If the developers make the number of hours public to all people who visit their website, the ‘badge’ becomes a mark of a good review, except in the cases where the number of X hours is too big, where the reviewer will be practically obliged to say “I can’t present the badge because it takes X hours and we think that is far too long to demand of a client for a flawed product” and the client will make their own judgement regarding the number of hours played.

    I have not explored this from all angles, but it certainly is a better solution than their current one.

    • RQH says:

      The problem is you can almost always argue that you’ve never played enough, and a developer who wants to defend their game against bad reviews always will. If one reviewer logs his time and it’s fifteen hours, and another logs his time and it’s thirty, then the guy who’s played fifteen hours looks bad, even if his review may in other ways be better and more complete.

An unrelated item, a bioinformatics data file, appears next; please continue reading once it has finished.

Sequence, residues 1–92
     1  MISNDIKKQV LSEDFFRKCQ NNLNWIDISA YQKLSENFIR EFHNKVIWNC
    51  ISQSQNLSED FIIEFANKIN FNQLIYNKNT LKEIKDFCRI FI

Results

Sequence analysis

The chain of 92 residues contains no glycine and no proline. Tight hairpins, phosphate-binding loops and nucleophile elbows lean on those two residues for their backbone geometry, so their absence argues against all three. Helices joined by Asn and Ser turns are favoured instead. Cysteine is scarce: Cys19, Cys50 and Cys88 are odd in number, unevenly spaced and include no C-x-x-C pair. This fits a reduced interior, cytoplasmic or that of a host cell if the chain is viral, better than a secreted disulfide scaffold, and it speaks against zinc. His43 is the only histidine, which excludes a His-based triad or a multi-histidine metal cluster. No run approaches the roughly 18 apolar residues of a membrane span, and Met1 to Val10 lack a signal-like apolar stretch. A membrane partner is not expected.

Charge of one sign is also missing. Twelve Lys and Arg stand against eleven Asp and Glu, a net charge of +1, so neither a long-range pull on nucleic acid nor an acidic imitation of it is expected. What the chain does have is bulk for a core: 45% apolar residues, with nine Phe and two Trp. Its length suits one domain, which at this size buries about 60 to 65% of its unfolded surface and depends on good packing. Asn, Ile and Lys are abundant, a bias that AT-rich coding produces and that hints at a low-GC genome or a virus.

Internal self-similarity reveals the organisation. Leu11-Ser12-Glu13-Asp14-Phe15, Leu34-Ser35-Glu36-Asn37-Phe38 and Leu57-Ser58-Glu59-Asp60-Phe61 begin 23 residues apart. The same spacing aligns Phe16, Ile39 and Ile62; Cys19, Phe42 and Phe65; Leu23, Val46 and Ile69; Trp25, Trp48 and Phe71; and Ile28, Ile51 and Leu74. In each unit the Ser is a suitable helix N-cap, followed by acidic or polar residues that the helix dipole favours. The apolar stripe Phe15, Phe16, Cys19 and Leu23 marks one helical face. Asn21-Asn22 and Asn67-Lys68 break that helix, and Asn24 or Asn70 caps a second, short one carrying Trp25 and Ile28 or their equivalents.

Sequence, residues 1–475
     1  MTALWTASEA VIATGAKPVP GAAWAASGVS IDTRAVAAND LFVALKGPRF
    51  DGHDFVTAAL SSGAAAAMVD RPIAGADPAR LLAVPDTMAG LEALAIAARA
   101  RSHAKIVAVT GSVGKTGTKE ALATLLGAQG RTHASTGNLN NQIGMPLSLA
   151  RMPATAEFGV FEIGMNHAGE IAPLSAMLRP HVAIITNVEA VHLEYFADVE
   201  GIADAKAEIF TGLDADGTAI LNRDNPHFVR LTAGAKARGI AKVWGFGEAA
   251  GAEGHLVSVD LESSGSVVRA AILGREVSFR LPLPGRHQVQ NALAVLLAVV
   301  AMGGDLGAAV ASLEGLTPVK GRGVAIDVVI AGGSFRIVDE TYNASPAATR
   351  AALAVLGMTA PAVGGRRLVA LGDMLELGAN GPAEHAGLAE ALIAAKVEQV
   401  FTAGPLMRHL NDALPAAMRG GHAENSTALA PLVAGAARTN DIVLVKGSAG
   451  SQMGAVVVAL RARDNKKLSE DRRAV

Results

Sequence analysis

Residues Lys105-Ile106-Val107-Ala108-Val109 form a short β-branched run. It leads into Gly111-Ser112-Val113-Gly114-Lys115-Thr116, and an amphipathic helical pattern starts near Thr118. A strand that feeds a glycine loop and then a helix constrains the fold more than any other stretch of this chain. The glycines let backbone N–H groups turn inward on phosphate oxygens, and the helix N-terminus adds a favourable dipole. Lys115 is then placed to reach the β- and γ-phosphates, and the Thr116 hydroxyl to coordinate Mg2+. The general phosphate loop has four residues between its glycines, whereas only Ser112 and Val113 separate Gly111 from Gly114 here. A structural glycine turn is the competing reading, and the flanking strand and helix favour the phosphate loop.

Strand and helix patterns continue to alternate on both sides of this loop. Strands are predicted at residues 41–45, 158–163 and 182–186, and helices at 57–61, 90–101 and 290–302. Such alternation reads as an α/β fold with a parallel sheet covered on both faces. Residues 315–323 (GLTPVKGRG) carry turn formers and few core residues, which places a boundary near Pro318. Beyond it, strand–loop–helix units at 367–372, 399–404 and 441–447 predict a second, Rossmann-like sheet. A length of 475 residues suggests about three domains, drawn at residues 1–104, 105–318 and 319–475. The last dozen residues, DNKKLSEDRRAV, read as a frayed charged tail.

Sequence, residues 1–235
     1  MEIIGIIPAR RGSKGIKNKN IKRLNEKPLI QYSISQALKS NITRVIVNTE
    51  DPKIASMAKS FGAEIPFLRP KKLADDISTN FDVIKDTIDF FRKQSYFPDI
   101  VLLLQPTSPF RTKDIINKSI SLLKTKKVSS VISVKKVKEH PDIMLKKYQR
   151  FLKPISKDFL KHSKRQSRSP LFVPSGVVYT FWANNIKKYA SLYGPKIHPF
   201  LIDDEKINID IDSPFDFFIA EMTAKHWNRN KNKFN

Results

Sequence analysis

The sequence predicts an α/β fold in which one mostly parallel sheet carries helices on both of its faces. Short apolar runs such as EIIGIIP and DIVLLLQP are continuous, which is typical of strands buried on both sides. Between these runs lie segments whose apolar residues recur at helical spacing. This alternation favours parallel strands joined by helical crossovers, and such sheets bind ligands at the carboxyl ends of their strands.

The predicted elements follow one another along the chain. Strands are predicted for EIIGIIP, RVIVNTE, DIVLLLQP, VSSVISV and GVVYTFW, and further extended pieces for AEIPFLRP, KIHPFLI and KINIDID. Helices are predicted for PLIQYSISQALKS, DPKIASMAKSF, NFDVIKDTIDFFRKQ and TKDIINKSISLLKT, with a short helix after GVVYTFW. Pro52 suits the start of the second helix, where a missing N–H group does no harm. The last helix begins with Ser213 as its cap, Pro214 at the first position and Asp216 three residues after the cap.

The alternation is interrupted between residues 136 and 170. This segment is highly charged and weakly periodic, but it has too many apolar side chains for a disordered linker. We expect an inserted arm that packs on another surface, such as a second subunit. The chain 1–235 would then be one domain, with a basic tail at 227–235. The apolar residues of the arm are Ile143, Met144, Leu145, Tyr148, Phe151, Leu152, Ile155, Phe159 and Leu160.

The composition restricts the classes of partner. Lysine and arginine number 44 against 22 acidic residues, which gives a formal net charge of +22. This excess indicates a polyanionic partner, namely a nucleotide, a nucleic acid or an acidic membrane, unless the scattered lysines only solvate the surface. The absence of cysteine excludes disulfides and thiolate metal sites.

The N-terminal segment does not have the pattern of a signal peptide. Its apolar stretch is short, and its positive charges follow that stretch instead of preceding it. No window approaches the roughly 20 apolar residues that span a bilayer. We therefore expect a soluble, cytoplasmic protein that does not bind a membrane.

As for a reviewer saying “we feel that X hours is too big a requirement, given the quality of the game,” isn’t that essentially what the original Darkfall review was saying, implicitly. That statement itself is a review of the game, which the developer will respond to with cries of “well, you haven’t played it enough! It gets better!” Why we would tolerate wasting ten hours of our lives on a shitty game because supposedly after ten hours it gets better is beyond me. (Note that this is not the same as spending ten hours of our lives on a game we’re shitty at because after ten hours we get better–one is about learning and mastering a skill, the other is about eating shit because at the end we’ve been promised a hot fudge sundae.)